Materiel set to be dispatched to the war-torn country include AIM-9M missiles for air defense, 155mm and 105mm artillery ammunition, munitions for High Mobility Artillery Rocket Systems (HIMARS), more than three million rounds of small arms ammunition, and ambulances, according to the State Department.
“Russia started this war and could end it at any time by withdrawing its forces from Ukraine and stopping its brutal attacks,” Secretary of State Antony Blinken said in a statement.
“Until it does, the United States and our allies and partners will stand united with Ukraine, for as long as it takes.”
US aid to Ukraine generally comes from either existing stockpiles via presidential drawdown authority (PDA) or from contracting a defense company to manufacture it via the Ukraine Security Assistance Initiative (USAI).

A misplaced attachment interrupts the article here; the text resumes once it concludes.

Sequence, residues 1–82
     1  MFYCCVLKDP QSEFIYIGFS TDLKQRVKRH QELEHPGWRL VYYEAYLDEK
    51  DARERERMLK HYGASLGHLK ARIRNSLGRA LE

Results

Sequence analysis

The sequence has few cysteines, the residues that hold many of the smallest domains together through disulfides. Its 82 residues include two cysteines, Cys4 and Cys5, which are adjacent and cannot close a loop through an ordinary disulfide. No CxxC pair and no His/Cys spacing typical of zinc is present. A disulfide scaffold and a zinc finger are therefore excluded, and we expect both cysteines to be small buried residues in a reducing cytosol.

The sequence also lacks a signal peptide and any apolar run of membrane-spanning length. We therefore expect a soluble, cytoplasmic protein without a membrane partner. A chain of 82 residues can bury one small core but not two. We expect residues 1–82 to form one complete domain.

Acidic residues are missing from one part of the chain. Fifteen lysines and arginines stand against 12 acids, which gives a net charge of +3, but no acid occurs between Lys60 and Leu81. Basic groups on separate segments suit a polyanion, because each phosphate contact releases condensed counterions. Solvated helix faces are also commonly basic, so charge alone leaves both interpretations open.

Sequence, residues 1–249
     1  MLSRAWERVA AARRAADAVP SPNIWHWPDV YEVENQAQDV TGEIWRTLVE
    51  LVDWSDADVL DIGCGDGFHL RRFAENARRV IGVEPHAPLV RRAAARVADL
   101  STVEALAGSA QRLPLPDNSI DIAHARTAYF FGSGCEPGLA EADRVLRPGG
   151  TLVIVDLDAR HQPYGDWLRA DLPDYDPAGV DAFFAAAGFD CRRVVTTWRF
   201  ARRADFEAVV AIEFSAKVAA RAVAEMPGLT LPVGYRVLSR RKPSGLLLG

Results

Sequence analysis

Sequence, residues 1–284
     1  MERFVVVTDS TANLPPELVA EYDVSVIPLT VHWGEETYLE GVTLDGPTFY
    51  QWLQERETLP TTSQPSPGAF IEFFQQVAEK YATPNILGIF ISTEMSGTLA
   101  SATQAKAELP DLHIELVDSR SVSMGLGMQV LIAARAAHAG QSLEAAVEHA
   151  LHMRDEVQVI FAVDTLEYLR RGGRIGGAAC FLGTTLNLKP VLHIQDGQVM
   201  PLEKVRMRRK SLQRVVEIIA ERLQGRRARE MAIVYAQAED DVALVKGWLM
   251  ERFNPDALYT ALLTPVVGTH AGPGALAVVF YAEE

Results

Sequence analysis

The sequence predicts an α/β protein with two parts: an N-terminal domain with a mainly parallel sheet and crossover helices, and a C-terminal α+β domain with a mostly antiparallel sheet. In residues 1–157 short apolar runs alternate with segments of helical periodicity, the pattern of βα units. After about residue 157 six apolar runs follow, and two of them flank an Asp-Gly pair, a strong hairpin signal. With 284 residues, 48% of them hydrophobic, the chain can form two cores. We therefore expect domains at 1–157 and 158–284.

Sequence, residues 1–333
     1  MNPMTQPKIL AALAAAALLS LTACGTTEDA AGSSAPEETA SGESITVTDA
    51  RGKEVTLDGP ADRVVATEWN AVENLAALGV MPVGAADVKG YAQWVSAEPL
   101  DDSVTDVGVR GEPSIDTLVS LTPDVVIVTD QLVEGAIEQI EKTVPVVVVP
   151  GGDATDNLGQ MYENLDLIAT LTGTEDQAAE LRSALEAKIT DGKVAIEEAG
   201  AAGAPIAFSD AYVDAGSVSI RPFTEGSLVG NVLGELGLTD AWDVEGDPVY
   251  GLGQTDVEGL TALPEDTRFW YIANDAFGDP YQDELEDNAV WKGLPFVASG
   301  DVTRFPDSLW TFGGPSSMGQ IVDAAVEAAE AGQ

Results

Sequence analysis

The $250 million package announced Tuesday will come from existing stockpiles, meaning it should arrive much quicker than the other method.
Earlier this year, the Pentagon revealed it had overestimated the price point of shipments to Ukraine to the tune of billions of dollars.
This was because the officials erroneously tabulated the value of used equipment sent to Ukraine as if it were purchased new, rather than using the depreciated price, according to defense officials.
As a result, the Biden administration has more wiggle room to deliver additional weaponry to Ukraine in its battle to stave off Russian aggressors.
Without that error, it is widely believed that the administration would’ve already run dry of funds for further aid to Ukraine.